Monday, 18 May 2020

Ryanair warns of a price war ahead when it starts flying again in July and the German and French governments are acting illegaly


The Chief Executive Officer of Ryanair, Michael O’Leary has told Bloomberg Markets: European Open show, that the support by the German and French governments for their airline industries is "illegal" and will "distort the market." 

The bombastic boss of the low-fare-high-fee carrier made the outlandish comments just after Ryanair's coffers were swelled with a massive £600 million / $726 million loan backed by the U.K. government. 

Despite the European Union agreeing on the bailouts and confirming they are lawful,  Ryanair insists that are not. It says when it returns to normal scheduled flying from July, the competitive landscape in Europe will be distorted by unprecedented quantums of State Aid  "in breach of EU rules" under which over €30bn has been gifted to the Lufthansa Group, Air France-KLM, Alitalia, SAS and Norwegian among others. Because of this,  it warned there would be a price war on its newly restored routes where it will offer significant price discounting at below cost selling to combat the same tactics Ryanair believes those flag carriers with huge State Aid war chests will do - despite no evidence.

Ryanair says unlawful State Aid – to date
Lufthansa Group€12.4bn plus
AF-KLM Group€10.1bn plus
Alitalia€ 3.5bn plus
TUI Group€ 1.8bn plus
SAS€ 0.8bn plus
Finnair€ 0.7bn plus
Norwegian€ 0.3bn plus

Earlier Ryanair reported its full-year profit of €1,002m (excl. hedge ineffectiveness), compared to €885m last year, so it is not like the airline is struggling to survive.  Other highlights the airline says were carrying 149 million passengers, it opened 5 new bases and started 390 new routes and its revenue per passenger increased by 6%.

The airline continued to make huge amounts of money on the sale of ancillary products, which grew by 20% and amounted to €2.9 billion with more people choosing Priority Boarding and Preferred Seat, so they could sit together.  Total seat sales revenue was €8.5 billion driven in part by more passengers and higher fares. 

Ryanair is also seeking to mislead and confuse passengers with remaining its Boeing 737 MAX 8 aircraft to Boeing 737-MAX-200. Boeing is currently guiding customers for a late-summer return to service in the US for the B737-MAX aircraft, but the Irish budget carrier say it will be at least October before "we receive our first MAX-200 aircraft. We remain fans of, and committed to, these “gamechanger” aircraft." despite there inherent safety issues. However, it is currently reviewing short-term growth plans and negotiating with Boeing to reduce planned deliveries over the next 24 months to reflect slower traffic growth post-COVID-19 in 2020 & 2021.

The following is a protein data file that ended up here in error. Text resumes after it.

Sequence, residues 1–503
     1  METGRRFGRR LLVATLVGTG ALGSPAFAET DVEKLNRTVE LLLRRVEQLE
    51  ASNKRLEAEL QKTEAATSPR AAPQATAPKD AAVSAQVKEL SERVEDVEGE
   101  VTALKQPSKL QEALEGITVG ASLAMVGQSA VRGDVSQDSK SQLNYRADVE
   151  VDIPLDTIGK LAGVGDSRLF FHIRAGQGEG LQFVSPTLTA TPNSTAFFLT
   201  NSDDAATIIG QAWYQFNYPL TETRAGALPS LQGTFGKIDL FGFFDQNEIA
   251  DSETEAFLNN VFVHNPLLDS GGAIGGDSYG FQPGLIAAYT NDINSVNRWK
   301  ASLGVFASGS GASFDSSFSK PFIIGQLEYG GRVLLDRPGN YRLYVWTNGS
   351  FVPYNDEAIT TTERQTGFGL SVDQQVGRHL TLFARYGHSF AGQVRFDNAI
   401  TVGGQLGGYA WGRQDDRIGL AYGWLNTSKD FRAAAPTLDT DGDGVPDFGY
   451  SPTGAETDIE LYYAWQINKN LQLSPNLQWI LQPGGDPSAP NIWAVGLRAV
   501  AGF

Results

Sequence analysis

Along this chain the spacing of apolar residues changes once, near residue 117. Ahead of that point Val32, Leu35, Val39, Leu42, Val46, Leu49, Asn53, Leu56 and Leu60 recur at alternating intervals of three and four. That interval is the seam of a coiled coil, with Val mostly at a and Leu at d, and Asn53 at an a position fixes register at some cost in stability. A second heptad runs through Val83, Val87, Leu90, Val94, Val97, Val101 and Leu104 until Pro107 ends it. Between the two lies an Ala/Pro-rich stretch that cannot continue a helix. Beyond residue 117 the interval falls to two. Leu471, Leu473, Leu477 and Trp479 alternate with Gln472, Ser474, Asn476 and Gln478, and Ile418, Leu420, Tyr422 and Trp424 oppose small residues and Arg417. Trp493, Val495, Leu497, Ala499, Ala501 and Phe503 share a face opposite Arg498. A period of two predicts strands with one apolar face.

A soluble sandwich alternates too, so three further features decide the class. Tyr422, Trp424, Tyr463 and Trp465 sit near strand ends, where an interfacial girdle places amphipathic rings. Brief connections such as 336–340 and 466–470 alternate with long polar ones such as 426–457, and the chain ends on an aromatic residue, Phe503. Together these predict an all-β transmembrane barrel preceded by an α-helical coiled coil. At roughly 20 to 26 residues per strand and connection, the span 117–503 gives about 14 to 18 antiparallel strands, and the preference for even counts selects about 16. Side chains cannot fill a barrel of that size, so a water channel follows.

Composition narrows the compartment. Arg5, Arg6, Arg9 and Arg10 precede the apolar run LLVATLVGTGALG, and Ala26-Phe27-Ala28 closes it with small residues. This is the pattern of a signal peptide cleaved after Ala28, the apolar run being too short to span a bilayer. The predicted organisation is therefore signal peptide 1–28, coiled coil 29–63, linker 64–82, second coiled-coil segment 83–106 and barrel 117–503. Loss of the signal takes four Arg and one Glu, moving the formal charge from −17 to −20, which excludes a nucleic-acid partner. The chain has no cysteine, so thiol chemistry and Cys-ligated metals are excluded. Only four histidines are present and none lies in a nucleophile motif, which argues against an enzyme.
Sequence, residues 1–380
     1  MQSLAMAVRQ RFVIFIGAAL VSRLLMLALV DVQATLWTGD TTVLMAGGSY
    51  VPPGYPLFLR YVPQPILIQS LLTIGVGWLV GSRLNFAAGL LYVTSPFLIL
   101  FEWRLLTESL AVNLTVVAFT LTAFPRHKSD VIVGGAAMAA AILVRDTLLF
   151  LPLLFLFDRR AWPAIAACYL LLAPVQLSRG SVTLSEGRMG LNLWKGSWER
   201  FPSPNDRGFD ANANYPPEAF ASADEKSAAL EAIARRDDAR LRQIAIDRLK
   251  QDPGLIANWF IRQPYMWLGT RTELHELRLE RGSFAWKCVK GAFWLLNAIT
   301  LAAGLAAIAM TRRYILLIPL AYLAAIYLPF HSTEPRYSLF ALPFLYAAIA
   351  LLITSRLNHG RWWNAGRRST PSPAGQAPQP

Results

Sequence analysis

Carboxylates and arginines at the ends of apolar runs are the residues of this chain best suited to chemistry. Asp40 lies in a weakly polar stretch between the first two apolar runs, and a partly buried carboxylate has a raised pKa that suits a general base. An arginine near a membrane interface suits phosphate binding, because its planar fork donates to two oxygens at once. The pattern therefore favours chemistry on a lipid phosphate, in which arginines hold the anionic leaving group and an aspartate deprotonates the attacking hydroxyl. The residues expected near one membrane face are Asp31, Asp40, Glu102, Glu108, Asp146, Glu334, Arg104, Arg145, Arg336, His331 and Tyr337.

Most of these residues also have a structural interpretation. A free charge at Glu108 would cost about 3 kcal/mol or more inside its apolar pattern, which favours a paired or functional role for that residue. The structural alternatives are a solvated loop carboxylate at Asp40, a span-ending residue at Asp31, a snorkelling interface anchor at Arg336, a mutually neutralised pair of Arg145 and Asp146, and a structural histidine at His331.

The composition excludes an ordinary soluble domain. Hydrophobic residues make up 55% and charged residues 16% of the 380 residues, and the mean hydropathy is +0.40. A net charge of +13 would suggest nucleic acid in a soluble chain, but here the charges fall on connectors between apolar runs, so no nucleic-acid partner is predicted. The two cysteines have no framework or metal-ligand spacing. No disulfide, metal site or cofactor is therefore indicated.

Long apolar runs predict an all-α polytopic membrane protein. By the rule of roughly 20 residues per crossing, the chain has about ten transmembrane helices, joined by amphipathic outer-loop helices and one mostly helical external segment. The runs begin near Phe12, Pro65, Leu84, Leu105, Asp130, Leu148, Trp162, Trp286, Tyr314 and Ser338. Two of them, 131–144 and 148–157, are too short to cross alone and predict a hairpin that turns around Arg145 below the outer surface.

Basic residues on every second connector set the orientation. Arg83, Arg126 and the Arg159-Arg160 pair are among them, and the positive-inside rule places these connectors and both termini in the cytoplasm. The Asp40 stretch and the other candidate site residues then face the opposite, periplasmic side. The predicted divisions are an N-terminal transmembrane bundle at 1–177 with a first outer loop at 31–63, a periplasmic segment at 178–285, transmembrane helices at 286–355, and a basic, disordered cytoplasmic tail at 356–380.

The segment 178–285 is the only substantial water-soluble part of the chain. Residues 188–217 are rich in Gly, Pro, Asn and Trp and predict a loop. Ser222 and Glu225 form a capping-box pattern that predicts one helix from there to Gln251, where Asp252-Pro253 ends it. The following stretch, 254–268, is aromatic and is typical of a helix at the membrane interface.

Despite making huge profits, the firm announced last week that it has reduced its office headcount in Dublin, Stansted, Madrid and Wroclaw by over 250 through a combination of probation/fixed term contract ends, resignations and redundancies, as these people will not be required to return to work on 1 June, when the Ryanair offices reopen, due to the substantial decline in traffic the Ryanair Group Airlines is facing in 2020.


Group Airlines

During FY20, the Ryanair Group continued to evolve. Buzz increased its fleet to 45 B737s and expanded outside Poland with new bases in Prague and Budapest.

Lauda underperformed in FY20 with fares lower than expected, due to intense price competition from Lufthansa subsidiaries in its core Austrian and German markets. FY20 traffic, however, grew to 6.4m at high load factors.  In April, David O’Brien (former Ryanair CCO) joined the Lauda management team as Joint CEO.  Due to Covid-19 restrictions, the Lauda fleet has been grounded since 17 March.  With costs running ahead of other Group airlines and Lauda’s main competitor, Austrian Airlines, expected to receive an €800m State Aid bailout, Lauda has had to completely rethink its strategy and significantly lower its growth plans.  Its management team are implementing restructuring and cost cutting plans and are currently in discussions with its people and its unions in relation to staff savings to secure the future of its Vienna A320 base.  Failure to agree meaningful cost reductions on 20 May will result in the Vienna A320 base being closed on 30 May with over 300 job losses.  Lauda has already abandoned plans to operate a base in Zadar for the Ryanair Group.

Malta Air, which became the 4th Group airline last summer, grew strongly in FY20.  With a fleet of almost 120 aircraft, it has taken over the Group’s French, German, Italian and Maltese bases.  Like Buzz, Lauda and Ryanair DAC, it is also reviewing all areas of its cost base so that it remains competitive in its core markets where it will compete against government bailed out legacy carriers.

Ryanair DAC performed well in FY20 and opened new markets in Armenia, Georgia and Lebanon.  Its fleet, however, has dropped to 275 B737s as both Buzz and Malta Air took over flight operations for the Group.  Punctuality improved to over 90% (excl. ATC delays) thanks to Ryanair’s investment in new handling arrangements in Stansted, Poland and Spain.  In Sept., Eddie Wilson was appointed as Ryanair DAC’s CEO.

The airline is yet to pay out refunds to hundreds of thousands of passengers who have had their flights cancelled due to the current health crisis, some analysts have said the airline owes as much as €6.7 billion to passengers. 





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